- Milk: Adds richness and moisture. Any sort of milk (cow, almond, soy) would work. Water would also work in a pinch.
- Oil: Makes the lemon loaf cake not a chewy rock. You could try replacing half of the oil with applesauce or yogurt, but I don't see much point in trying to make cake healthier.
Step by Step Photos
Start by preheating the oven to 350 degrees.
Let's start by zesting an orange. Zest, the outside colorful part of citrus fruits, adds a lot of flavor. Provided you're gentle, zested fruit looks naked and silly, but you can still keep it for later consumption. Honestly, it would make more sense to zest and juice a lemon, but I had to keep the lemon intact for photos.
Wash the fruit. Using a microplane zester would be the easiest. Unfortunately, I don't have one, so I cut off and diced the zest with a sharp knife.
In a large bowl, mix together the dry ingredients. It doesn't matter whether sugar and zest are mixed with the wet or dry ingredients. If your sugar has crystallized into hard chunks, you should add the sugar to the wet ingredients to dissolve it.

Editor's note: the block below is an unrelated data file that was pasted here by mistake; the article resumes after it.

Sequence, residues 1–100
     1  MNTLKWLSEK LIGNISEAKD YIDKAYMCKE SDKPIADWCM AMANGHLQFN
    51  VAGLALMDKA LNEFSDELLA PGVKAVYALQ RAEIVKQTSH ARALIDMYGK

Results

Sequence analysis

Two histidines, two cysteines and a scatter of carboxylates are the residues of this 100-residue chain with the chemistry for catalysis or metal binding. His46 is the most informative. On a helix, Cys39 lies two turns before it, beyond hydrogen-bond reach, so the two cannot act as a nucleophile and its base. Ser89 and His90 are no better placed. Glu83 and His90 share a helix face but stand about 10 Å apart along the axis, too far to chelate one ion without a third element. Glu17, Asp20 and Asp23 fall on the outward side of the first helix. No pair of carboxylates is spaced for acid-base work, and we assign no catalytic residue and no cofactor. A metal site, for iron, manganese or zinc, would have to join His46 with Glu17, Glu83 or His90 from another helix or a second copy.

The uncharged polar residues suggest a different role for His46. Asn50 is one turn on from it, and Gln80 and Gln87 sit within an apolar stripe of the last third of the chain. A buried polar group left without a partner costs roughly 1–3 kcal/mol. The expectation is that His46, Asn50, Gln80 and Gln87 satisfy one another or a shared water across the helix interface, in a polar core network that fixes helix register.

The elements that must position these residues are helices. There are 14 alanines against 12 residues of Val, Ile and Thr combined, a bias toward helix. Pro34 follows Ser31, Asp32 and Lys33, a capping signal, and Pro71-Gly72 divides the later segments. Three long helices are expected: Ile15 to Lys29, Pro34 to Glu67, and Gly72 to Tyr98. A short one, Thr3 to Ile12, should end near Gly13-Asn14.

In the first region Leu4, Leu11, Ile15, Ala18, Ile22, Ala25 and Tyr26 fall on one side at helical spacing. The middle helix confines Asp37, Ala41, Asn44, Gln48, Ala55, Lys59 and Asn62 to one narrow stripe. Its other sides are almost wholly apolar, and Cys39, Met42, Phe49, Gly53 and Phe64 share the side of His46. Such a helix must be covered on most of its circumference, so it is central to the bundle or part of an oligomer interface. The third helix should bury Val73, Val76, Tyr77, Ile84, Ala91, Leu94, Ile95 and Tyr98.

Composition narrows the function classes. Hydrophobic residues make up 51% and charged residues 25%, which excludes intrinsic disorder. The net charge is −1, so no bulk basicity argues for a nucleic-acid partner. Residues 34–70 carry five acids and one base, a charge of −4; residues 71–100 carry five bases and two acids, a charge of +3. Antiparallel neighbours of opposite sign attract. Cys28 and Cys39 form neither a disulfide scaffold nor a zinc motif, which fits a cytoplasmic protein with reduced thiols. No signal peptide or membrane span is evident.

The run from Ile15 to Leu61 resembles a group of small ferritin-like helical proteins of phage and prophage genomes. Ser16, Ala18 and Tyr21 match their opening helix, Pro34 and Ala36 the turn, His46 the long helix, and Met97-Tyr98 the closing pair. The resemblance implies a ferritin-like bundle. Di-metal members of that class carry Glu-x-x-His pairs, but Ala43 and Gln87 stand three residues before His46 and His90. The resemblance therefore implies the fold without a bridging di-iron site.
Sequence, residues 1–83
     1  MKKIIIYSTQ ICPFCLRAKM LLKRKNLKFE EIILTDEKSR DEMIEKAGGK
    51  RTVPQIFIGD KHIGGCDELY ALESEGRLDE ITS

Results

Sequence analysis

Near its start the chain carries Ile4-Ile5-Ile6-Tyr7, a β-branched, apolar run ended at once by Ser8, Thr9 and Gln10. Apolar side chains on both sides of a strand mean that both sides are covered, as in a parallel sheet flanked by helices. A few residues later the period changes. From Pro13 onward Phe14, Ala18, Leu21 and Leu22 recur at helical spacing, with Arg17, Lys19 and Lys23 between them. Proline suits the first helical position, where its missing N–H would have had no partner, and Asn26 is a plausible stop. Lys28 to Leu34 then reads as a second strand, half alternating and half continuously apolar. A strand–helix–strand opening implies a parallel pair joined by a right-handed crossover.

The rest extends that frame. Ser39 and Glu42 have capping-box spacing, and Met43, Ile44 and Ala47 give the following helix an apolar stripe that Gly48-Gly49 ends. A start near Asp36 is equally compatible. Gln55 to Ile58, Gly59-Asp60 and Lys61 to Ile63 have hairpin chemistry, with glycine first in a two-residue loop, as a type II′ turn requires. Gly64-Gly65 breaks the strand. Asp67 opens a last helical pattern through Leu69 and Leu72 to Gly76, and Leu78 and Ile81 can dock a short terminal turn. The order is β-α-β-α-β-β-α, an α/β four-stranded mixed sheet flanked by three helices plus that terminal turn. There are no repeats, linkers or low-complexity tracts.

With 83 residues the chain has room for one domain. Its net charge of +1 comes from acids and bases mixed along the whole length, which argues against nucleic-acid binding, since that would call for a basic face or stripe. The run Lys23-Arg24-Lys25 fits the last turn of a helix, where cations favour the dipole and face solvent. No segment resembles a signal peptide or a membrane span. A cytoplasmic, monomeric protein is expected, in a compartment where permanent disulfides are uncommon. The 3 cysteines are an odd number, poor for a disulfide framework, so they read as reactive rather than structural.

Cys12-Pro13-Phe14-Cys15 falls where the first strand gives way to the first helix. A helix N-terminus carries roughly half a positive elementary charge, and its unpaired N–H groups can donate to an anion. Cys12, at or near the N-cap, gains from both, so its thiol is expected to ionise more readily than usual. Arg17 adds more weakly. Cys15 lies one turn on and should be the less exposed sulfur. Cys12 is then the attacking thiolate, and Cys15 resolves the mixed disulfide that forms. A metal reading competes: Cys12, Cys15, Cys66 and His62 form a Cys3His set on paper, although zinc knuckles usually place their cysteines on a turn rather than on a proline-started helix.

In a separate medium bowl, beat the eggs. You should beat the eggs before adding any other wet ingredients so they're easier to mix. I happen to have a whisk, but any utensil works.
Measure the rest of the wet ingredients. I love using a 2-cup measuring cup because the increased capacity makes it easy to measure everything at once. Also, look at the pretty layers - the oil is on top, the lemon juice is in the middle, and the milk is on the bottom.
Add the rest of the wet ingredients to the beaten eggs, and stir to combine. The mixture may look slightly curdled because you're mixing lemon juice and milk, but it'll be okay!
Pour the medium bowl with the wet ingredients into the large bowl with the dry ingredients. Stir gently to combine. Do not over-mix - lumps in the batter are okay. If you stir too much, you'll get a dense cake.
To make lemon loaf cake, grease a loaf pan. If you don't, it'll be very difficult to extract the lemon loaf. Normally, I'd line the loaf pan with aluminum foil, but it'd make the picture less pretty.
If you don't have a loaf pan, you can use a 8x8 or 9x9 square pan, and bake for 35-40 minutes, or you make lemon loaf muffins and bake for 20-25 minutes.
Pour the batter into the loaf pan. Whenever I make muffins, I inevitably end up spilling some batter on the muffin tin, which I have to wipe up. It's so much easier to make a loaf because you only have to transfer batter once.
Bake for 50-55 minutes. After baking, to test doneness, stick a toothpick into the center of the cake. You can see the little hole above. If the cake is done, the toothpick will come out mostly clean. I have no use for toothpicks besides testing cake, so I used a small piece of uncooked spaghetti.
Let cool for about 10 minutes so it doesn't burn your turn and so you can easily remove it from the loaf pan. Once the cake has cooled, feel free to add lemon glaze. You'll love the cheery yellow color, soft fluffy texture, and the sweet-tart lemon flavor.